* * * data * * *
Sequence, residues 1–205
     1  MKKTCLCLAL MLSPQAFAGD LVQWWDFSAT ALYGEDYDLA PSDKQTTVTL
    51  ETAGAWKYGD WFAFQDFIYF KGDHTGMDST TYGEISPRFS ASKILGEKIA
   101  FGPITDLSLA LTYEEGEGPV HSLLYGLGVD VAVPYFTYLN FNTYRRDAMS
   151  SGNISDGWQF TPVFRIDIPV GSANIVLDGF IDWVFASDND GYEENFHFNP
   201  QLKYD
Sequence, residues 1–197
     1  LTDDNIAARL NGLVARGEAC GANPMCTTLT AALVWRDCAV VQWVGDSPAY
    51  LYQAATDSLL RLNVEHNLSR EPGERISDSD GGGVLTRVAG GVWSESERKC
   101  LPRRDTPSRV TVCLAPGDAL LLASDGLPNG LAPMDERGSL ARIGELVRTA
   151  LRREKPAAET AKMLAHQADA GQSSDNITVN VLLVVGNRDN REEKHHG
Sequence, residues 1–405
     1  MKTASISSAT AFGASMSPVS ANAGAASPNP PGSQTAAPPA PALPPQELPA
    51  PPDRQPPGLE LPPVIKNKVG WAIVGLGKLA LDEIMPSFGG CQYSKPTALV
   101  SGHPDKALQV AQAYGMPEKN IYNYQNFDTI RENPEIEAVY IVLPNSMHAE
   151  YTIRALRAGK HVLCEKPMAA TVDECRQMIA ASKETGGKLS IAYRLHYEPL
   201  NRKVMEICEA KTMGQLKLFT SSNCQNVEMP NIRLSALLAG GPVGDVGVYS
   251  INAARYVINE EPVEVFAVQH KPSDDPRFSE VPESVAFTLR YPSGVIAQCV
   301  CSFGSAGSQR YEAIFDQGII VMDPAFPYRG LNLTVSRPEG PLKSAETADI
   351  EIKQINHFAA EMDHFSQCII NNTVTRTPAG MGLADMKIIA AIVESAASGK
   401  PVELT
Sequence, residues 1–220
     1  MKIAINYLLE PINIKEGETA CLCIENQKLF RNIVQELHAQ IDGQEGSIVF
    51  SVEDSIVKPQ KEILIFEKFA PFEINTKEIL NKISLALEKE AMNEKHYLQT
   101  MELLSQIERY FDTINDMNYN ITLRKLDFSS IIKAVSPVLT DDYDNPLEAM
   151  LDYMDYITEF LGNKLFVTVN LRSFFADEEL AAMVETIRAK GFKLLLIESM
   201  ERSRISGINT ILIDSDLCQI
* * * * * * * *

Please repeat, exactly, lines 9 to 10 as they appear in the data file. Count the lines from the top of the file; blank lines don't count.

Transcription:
    51  LYQAATDSLL RLNVEHNLSR EPGERISDSD GGGVLTRVAG GVWSESERKC
   101  LPRRDTPSRV TVCLAPGDAL LLASDGLPNG LAPMDERGSL ARIGELVRTA